In a follow-up letter to CMS (PDF, 46 K), CAP wrote:
“We appreciate your concurrence via email that neither place of service nor technical component billing by independent labs under the grandfather provision should trigger RAC activities,” CAP wrote. We also wanted to recognize your efforts to remedy the problems we highlighted with RAC auditor, Connelly Healthcare.
Although Connolly appears to be the most problematic, as we mentioned in our email, we have seen significant activity conducted nationwide. We have received confirmation that other RAC auditors are also issuing repayment requests for the same reasons. The purpose of this letter is to request CMS’s intervention on RAC efforts nationwide related to place of service and the technical component grandfather and deployment of systemic solution to stop the inappropriate recovery requests and recoupments prospectively; suspend any requests that may be in queue; and reissue payment for any monies recovered in error.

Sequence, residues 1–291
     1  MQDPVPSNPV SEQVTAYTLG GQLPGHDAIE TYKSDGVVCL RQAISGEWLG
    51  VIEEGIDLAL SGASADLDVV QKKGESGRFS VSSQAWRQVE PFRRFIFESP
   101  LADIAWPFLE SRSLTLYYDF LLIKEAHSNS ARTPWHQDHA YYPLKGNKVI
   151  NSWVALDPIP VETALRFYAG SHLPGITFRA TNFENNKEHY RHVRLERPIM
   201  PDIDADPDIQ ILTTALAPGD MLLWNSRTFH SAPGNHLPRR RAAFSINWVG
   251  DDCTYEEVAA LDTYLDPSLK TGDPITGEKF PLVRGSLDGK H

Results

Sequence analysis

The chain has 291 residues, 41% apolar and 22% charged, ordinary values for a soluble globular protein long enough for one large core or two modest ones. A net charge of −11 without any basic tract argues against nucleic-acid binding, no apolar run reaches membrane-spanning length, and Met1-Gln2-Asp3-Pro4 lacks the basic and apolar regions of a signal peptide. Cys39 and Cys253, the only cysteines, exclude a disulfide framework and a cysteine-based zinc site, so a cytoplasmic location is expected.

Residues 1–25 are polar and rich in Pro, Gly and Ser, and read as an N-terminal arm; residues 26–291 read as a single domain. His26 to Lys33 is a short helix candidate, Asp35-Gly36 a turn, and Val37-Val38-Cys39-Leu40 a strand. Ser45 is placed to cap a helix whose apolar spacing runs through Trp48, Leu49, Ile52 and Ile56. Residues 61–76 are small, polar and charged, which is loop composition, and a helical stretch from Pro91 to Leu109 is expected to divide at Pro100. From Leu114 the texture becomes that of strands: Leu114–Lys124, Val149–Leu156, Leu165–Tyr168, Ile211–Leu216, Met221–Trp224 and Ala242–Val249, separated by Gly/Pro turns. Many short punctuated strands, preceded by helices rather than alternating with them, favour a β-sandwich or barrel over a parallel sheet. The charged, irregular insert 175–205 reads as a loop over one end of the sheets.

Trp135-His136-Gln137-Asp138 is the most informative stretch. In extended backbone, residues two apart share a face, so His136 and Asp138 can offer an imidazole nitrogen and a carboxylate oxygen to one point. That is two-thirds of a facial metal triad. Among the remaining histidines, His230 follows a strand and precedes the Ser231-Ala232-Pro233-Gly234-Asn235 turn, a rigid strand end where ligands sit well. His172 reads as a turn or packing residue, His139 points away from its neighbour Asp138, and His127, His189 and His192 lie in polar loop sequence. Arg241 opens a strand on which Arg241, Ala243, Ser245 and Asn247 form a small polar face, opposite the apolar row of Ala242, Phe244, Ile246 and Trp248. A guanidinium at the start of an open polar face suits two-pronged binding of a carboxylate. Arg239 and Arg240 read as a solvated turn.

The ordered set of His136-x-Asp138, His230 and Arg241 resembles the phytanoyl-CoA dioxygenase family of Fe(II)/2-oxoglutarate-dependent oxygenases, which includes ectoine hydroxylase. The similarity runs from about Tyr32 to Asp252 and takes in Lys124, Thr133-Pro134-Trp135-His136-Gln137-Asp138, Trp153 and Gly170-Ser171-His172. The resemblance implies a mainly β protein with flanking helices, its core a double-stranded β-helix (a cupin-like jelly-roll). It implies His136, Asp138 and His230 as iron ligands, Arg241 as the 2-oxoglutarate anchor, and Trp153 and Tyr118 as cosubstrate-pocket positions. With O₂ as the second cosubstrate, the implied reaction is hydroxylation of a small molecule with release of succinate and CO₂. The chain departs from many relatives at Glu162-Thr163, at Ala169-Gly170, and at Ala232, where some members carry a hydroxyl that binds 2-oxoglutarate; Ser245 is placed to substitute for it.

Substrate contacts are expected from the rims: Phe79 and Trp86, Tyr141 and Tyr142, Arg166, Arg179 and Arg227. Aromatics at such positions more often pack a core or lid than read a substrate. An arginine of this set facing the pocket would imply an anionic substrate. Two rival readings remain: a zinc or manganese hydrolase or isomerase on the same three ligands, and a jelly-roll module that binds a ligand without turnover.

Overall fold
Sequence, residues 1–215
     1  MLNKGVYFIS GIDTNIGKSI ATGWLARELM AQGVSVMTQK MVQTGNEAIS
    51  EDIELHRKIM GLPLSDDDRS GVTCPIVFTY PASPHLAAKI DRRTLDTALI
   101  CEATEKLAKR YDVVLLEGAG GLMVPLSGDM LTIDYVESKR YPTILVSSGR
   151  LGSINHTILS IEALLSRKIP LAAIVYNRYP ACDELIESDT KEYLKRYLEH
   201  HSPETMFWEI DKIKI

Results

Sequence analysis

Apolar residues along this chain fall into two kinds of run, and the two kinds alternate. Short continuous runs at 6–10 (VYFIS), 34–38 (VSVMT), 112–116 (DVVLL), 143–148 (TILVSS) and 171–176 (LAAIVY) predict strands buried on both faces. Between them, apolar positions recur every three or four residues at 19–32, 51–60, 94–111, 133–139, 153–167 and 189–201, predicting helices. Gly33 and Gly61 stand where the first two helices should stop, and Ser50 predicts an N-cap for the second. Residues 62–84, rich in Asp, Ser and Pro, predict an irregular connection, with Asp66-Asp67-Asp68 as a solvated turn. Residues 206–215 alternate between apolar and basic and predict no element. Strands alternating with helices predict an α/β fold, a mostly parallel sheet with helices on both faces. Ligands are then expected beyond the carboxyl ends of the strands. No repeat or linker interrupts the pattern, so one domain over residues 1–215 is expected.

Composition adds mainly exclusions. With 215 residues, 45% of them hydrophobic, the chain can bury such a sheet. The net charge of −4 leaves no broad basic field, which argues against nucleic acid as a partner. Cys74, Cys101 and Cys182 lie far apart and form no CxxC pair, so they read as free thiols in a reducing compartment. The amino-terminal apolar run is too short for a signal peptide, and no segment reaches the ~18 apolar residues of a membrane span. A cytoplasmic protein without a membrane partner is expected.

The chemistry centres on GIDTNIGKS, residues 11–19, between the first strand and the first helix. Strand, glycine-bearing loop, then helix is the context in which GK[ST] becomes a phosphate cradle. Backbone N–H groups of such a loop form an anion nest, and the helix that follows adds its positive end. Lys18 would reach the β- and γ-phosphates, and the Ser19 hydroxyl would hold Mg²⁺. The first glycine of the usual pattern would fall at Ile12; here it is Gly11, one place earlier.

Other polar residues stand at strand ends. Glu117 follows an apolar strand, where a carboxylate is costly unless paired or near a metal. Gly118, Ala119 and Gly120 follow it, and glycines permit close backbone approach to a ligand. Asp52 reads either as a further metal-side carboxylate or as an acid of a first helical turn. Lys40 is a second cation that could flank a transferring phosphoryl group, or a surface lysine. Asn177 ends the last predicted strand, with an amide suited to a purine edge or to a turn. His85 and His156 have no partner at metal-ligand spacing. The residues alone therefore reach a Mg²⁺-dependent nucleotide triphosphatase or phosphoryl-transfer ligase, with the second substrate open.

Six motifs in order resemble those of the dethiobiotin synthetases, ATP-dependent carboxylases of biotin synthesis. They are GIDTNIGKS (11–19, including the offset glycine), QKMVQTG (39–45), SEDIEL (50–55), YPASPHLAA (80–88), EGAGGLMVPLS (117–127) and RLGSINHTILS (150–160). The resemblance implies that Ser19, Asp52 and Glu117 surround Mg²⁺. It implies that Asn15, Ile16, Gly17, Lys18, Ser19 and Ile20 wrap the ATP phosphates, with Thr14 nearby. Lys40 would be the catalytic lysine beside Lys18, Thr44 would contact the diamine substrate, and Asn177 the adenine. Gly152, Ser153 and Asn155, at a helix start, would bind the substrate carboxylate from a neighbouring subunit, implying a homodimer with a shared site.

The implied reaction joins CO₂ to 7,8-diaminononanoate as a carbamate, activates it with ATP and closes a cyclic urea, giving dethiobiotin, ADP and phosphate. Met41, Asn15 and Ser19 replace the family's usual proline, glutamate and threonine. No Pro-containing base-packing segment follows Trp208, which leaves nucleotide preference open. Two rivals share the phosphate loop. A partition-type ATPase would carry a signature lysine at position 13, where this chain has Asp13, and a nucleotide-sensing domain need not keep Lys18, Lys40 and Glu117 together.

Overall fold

Statline will continue to follow this issue.
Congress, CMS Propose Meaningful Use Exceptions for Pathologists
The College’s efforts to prevent pathologists from being penalized for non-participation in the Center for Medicare and Medicaid Services’ (CMS’s) Meaningful Use (MU) program are beginning to bear fruit. Both Congress and CMS offered separate solutions recently that would shield pathologists from Medicare payment penalties for failing to participate in the MU program by 2015.